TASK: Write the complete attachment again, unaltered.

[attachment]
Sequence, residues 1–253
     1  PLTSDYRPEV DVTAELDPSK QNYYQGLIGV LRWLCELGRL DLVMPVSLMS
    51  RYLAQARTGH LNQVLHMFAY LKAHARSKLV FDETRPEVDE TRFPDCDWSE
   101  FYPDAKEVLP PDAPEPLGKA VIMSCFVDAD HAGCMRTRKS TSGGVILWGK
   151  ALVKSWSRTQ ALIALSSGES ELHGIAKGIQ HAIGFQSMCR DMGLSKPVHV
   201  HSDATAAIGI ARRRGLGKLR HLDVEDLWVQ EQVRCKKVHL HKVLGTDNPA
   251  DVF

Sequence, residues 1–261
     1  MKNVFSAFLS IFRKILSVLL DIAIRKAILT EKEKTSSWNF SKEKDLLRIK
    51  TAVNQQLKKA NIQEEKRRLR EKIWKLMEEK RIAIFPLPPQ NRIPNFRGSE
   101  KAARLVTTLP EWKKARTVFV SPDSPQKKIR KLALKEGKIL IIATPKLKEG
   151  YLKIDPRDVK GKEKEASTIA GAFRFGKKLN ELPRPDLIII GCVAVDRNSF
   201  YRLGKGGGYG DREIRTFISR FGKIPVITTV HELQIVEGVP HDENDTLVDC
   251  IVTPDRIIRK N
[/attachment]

Sequence, residues 1–253
     1  PLTSDYRPEV DVTAELDPSK QNYYQGLIGV LRWLCELGRL DLVMPVSLMS
    51  RYLAQARTGH LNQVLHMFAY LKAHARSKLV FDETRPEVDE TRFPDCDWSE
   101  FYPDAKEVLP PDAPEPLGKA VIMSCFVDAD HAGCMRTRKS TSGGVILWGK
   151  ALVKSWSRTQ ALIALSSGES ELHGIAKGIQ HAIGFQSMCR DMGLSKPVHV
   201  HSDATAAIGI ARRRGLGKLR HLDVEDLWVQ EQVRCKKVHL HKVLGTDNPA
   251  DVF

Sequence, residues 1–261
     1  MKNVFSAFLS IFRKILSVLL DIAIRKAILT EKEKTSSWNF SKEKDLLRIK
    51  TAVNQQLKKA NIQEEKRRLR EKIWKLMEEK RIAIFPLPPQ NRIPNFRGSE
   101  KAARLVTTLP EWKKARTVFV SPDSPQKKIR KLALKEGKIL IIATPKLKEG
   151  YLKIDPRDVK GKEKEASTIA GAFRFGKKLN ELPRPDLIII GCVAVDRNSF
   201  YRLGKGGGYG DREIRTFISR FGKIPVITTV HELQIVEGVP HDENDTLVDC
   251  IVTPDRIIRK N